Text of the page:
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Vision Information - Ocular Histoplasmosis Syndrome

Vision Information - Ocular Histoplasmosis Syndrome

When the airborne spores of the fungus Histoplasma capsulatum are inhaled into the lungs, the disease histoplasmosis results. The fungus is found throughout the world in river valleys and soil that is laden with bird or bat droppings. When the soil is plowed, holes dug, or chicken coops swept, the fungus is released into the air.

Histoplasmosis usually is very mild with little or no symptoms, and if symptoms are present they resemble those of colds or flu. As with a cold or flu, the body's immune system deals with it in a few days without treatment. But histoplasmosis, even in mild cases, can later cause ocular histoplasmosis syndrome (OHS), a serious eye disease that is a leading cause of vision loss in Americans between the ages of 20 and 40.

How are Histoplasmosis and Ocular Histoplasmosis Syndrome related?

Although scientists have not been to detect the histoplasmosis fungus in the eyes of patients with ocular histoplasmosis syndrome, they believe the spores are spread from the lungs to the eye and lodge in the choroid, a layer of blood vessels providing blood and nutrients to the retina. This is good reason to suspect the histoplasmosis organism as the cause of OHS.

What are the Symptoms of Ocular Histoplasmosis Syndrome?

Initially there are seldom any symptoms and the condition is cured by the body's immune system after a few days.

But if the disease has remained latent, OHS symptoms may appear later. Some of these include straight lines appearing crooked or wavy, or a blind spot appearing in the field of vision. This will suggest that OHS has progressed enough to affect vision, and anyone who has been exposed to histoplasmosis, and is aware of even the slightest change in vision, should consult an ophthalmologist immediately.

Who is at Risk for OHS?

It is important to bear in mind that only a very small percentage of people infected with the histoplasmosis fungus develop OHS. But anyone aware of having been exposed should be alert for the changes in vision described above. Clinical studies have revealed that OHS patients usually test positive for previous exposure to histoplasmosis.

The highest incidence in the United States occurs in a region popularly referred to as the "Histo Belt", where up to 90 percent of the adult population has been infected with histoplasmosis. This region includes Arkansas, Kentucky, Missouri, Tennessee, West Virginia and large portions of Alabama, Illinois, Indiana, Iowa, Kansas, Louisiana, Maryland, Mississippi, Nebraska, Ohio, Oklahoma, Texas and Virginia.

Since most cases of histoplasmosis go undiagnosed, anyone living in â€" or who has lived in â€" a high risk area should have their eyes examined for histo spots, which are scar evidence of the inflammation caused by histoplasmosis.

How is Ocular Histoplasmosis Syndrome diagnosed?

OHS is the diagnosed condition if a comprehensive eye examination reveals:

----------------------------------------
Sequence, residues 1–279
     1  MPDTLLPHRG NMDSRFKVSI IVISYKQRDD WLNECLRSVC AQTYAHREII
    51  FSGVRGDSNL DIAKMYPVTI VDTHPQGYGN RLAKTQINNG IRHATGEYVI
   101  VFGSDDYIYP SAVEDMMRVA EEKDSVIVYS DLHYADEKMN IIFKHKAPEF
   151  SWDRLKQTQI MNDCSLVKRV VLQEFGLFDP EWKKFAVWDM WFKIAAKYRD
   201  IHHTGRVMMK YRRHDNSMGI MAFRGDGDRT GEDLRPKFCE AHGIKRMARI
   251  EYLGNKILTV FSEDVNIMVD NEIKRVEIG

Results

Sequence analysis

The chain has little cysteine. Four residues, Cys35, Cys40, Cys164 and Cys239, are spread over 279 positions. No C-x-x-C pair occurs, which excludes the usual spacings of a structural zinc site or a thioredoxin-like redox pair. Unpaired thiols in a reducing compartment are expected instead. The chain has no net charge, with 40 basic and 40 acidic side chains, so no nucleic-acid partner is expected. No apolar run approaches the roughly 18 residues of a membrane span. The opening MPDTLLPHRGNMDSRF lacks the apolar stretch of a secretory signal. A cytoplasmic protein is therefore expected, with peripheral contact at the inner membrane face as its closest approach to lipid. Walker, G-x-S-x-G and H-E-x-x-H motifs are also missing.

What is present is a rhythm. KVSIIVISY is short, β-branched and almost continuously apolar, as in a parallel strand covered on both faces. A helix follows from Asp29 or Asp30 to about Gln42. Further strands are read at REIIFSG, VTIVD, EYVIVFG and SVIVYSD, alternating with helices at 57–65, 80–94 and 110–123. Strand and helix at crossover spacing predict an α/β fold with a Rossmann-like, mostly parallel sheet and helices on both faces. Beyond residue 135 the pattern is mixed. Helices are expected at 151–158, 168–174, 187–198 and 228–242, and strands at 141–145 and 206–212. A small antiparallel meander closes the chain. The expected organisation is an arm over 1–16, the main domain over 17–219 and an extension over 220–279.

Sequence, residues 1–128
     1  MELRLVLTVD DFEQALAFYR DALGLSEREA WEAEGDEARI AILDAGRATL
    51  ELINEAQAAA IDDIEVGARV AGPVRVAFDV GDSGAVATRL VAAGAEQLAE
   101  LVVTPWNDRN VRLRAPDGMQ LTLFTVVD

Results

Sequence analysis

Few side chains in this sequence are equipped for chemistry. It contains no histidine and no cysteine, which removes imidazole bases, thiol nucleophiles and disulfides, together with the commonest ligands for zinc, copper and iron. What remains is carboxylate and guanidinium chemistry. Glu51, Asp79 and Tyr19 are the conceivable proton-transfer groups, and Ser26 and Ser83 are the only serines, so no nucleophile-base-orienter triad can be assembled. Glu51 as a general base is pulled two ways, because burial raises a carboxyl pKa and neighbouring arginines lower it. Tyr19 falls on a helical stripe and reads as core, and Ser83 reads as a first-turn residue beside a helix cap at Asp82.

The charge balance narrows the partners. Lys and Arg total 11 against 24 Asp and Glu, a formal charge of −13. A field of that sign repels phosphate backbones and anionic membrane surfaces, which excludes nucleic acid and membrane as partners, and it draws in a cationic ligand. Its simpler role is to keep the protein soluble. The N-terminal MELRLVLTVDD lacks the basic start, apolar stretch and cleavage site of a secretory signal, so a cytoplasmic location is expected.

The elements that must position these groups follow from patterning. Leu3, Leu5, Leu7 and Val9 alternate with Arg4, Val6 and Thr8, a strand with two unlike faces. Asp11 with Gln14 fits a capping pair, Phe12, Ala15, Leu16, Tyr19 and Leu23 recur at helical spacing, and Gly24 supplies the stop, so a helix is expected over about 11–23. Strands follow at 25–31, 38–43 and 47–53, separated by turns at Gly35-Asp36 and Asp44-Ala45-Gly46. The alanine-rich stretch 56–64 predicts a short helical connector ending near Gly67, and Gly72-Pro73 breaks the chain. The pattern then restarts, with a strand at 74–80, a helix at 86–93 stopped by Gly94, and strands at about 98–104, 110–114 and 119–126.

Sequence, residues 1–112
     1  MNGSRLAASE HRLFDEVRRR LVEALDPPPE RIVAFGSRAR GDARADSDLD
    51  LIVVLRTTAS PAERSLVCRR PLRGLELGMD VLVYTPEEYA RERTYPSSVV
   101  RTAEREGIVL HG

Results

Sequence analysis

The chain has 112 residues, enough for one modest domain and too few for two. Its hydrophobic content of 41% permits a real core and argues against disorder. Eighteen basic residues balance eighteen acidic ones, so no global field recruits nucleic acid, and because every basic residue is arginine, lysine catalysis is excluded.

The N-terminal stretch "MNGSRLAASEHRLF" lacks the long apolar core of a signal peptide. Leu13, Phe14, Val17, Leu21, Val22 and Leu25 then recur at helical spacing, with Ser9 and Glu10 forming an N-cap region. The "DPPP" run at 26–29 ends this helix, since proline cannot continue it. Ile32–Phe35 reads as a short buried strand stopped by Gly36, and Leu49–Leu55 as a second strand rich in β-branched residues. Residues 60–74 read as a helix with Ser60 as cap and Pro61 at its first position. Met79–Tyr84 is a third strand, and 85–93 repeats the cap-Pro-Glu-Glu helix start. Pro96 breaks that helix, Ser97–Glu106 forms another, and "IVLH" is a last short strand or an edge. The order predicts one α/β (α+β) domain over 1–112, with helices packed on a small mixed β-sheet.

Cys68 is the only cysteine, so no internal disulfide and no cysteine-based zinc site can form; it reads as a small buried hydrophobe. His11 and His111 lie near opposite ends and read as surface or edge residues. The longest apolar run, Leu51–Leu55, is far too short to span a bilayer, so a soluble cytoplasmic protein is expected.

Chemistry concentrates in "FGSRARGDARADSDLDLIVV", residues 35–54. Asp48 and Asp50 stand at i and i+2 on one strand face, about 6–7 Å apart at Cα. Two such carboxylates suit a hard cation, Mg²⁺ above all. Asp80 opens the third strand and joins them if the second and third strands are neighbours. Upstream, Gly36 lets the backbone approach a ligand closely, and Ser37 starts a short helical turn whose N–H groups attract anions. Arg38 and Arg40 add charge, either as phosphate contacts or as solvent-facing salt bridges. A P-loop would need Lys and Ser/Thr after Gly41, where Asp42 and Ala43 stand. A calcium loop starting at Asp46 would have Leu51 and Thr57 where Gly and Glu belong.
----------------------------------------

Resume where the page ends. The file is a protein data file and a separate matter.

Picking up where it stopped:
• Histo spots, which indicate previous exposure to the histo fungus spores.
  • Swelling of the retina, which signals the growth of new abnormal blood vessels.

The diagnosis is confirmed by carrying out a dilated eye examination that involves enlarging the pupils temporarily with special drops so the ophthalmologist can examine the retina more closely.

Should the ophthalmologist deem it necessary, further tests will be carried out to confirm whether or not the disease is present.

How is OHS treated?

OHS has been treated successfully with a form of laser surgery called photocoagulation. The laser destroys the abnormal blood vessels and a small portion of the overlying retinal tissue. This procedure can cause some loss of vision but it is performed in the hope of protecting the fovea (a depression in the retina that provides acute eyesight) and preserving the sharp vision it provides.

Is laser surgery effective?

Clinical trials have shown that photocoagulation can reduce vision loss from OHS by more than 50 percent.

The treatment is more effective when the abnormal blood vessels have not grown into the center of the fovea, where vision can be affected, or when the ophthalmologist is able to identify and destroy the entire area of abnormal blood vessel growth.

Will laser surgery restore lost vision?

Usually, laser photocoagulation does not restore lost vision. But it does reduce the chances of further abnormal blood vessel growth and consequent vision loss.

It is important to bear in mind that laser surgery cannot cure OHS. Once contracted, the disease remains a threat to an individual's vision for life. OHS patients who experience one bout of abnormal blood vessel growth can suffer a recurrence. That is why early detection and treatment is so vital.

Is there help for patients with significant vision loss from OHS?

There are many useful devices available for people suffering severe visual impairment. These are generally referred to as low vision aids and incorporate the use of special lenses or electronics to create enlarged visual images.

Your ophthalmologist can suggest sources that provide information on counseling, training and special services for people with low vision.


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